Unfortunately, if designers are using traditional SMARC modules, they also need to design the carrier board to accommodate an add-on card carrying the NPU. In addition to increasing the size, cost, and power of the resulting system, this approach negatively impacts development time, effort, and resources, reduces time-to-market, and increases risk.
SMARC COM + NPU = SMARC AIOM (Image source: ADLINK)
The solution is to use a SMARC AIOM module, which is a SMARC COM that carries both MPU and NPU devices. Once again, ADLINK is one of the driving forces behind the SMARC AIOM specification.
From Proof-of-Concept to Production SMARC AIOMs
ADLINK defined the AIOM (AI-on-Module) concept in 2018. In March 2020, SGET released the 2.1 version of the specifications, which includes a 4-camera interface and gives AIOM the attention it deserves.
As a proof-of-concept, ADLINK created the first SMARC AIOM, the LEC-AL-AI, using an Intel Apollo Lake CPU and an Intel Movidius NPU.
The response to the LEC-AL-AI has been huge, but having the CPU and NPU in separate packages does not provide the optimal solution for the longer term. Thus, ADLINK currently has two more SMARC AIOMs in development -- the LEC-KMB and the LEC-IMX8M-PLUS.
LEC-IMX8M-PLUS development kit (Image source: ADLINK)
Both of these SMARC AIOMs have their CPU and NPU dice -- along with other dice and components -- mounted on a single silicon substrate and presented in the same System-in-Package, thereby offering the highest levels of performance combined with the lowest power consumption.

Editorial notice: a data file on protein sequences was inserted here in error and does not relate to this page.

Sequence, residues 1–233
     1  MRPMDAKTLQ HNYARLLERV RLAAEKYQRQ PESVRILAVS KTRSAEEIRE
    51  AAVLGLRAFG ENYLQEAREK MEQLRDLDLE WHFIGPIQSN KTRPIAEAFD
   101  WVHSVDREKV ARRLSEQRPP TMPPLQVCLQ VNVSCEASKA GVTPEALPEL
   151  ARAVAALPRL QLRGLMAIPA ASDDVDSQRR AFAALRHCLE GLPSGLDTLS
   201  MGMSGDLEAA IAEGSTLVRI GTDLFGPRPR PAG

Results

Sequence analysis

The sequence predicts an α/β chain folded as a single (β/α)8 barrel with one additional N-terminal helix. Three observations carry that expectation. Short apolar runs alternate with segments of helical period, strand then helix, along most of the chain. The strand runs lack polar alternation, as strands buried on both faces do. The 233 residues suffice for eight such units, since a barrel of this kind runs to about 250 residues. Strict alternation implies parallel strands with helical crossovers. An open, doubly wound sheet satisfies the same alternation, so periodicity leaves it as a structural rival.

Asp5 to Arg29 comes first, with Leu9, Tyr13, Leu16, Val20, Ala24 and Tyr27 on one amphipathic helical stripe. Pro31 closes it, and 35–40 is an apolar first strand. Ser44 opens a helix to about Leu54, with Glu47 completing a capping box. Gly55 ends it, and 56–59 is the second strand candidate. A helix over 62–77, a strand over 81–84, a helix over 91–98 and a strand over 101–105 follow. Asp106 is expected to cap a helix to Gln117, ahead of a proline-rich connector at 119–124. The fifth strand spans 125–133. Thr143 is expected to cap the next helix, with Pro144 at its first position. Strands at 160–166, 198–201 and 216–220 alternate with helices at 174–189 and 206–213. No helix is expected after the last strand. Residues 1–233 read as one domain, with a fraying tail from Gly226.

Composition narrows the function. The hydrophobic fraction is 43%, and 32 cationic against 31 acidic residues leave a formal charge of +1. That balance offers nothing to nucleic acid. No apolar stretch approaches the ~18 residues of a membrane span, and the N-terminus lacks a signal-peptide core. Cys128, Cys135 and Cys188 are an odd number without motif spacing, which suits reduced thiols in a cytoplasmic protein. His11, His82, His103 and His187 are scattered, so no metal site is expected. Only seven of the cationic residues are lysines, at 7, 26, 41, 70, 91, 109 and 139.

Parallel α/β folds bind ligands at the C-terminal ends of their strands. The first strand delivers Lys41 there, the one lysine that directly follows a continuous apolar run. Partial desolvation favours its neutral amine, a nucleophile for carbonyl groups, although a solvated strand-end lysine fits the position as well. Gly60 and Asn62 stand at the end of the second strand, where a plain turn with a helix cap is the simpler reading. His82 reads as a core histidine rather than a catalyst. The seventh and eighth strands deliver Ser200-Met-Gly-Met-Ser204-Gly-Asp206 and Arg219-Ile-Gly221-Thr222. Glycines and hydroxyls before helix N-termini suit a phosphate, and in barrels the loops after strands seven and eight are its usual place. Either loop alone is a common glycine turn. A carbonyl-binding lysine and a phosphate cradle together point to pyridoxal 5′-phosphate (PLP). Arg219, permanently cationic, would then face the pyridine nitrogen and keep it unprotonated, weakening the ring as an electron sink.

The LEC-IMX8M-PLUS is based on an NXP i.MX 8M Plus, while the LEC-KMB will feature a forthcoming Intel device we will call the “Intel-K.” Both of these devices combine powerful dual or quad 64-bit Arm Cortex-A53 CPUs with an integrated NPU.
i.MX 8M Plus block diagram (Image source: NXP)
ADLINK is a launch partner with NXP for the LEC-IMX8M-PLUS with and Intel for the LEC-KMB, which means ADLINK will be the first to release products to the market using these next-generation devices.
The Future is Closer than You Think
According to the market research firm Omdia | Tractica, the global AI software market is forecast to experience massive growth in the coming years, with revenues predicted to increase from around $10 billion U.S. dollars in 2018 to $126 billion in 2025.
The growth of the AI software market (Image source: ADLINK)
The AI market includes a wide array of applications, all of which will benefit from access to NPUs. These applications include object detection and recognition, expression analysis, audio event detection and scene classification, surveillance and monitoring, autonomous vehicles, predictive maintenance, and … the list goes on.
In the same way that the creators of traditional systems enjoy the benefits offered by SMARC COMs - scalability, fast time-to-market, and upgradability while maintaining low costs, low power, and small physical size -- so too will the creators of AI systems enjoy the benefits of SMARC AIOMs
In the next few years, AI will be deployed in a vast array of applications -- all designed to make our lives better -- and ADLINK will continue to be at the forefront of this exciting technology. AI is the Future, SMARC AIOMs are the future of AI, and ADLINK’s AIOMs will allow developers of AI-enabled embedded systems to design and deploy future-proof cost-effective products quickly and efficiently.